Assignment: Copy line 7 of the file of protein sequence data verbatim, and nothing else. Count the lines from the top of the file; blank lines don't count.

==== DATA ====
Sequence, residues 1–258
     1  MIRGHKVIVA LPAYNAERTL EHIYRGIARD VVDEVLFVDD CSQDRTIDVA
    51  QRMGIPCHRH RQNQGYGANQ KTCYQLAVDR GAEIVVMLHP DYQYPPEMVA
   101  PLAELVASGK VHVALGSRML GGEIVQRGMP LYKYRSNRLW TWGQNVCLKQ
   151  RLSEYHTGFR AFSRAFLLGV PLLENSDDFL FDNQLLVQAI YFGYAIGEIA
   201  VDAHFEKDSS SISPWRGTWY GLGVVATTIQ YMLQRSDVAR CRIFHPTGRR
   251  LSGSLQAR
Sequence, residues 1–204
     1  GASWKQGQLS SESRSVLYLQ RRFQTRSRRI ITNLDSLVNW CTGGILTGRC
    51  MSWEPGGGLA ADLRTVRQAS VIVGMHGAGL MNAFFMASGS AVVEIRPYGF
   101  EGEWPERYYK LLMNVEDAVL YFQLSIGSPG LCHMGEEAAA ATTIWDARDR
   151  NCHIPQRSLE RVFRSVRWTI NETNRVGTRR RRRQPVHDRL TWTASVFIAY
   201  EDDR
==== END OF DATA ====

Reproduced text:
   251  LSGSLQAR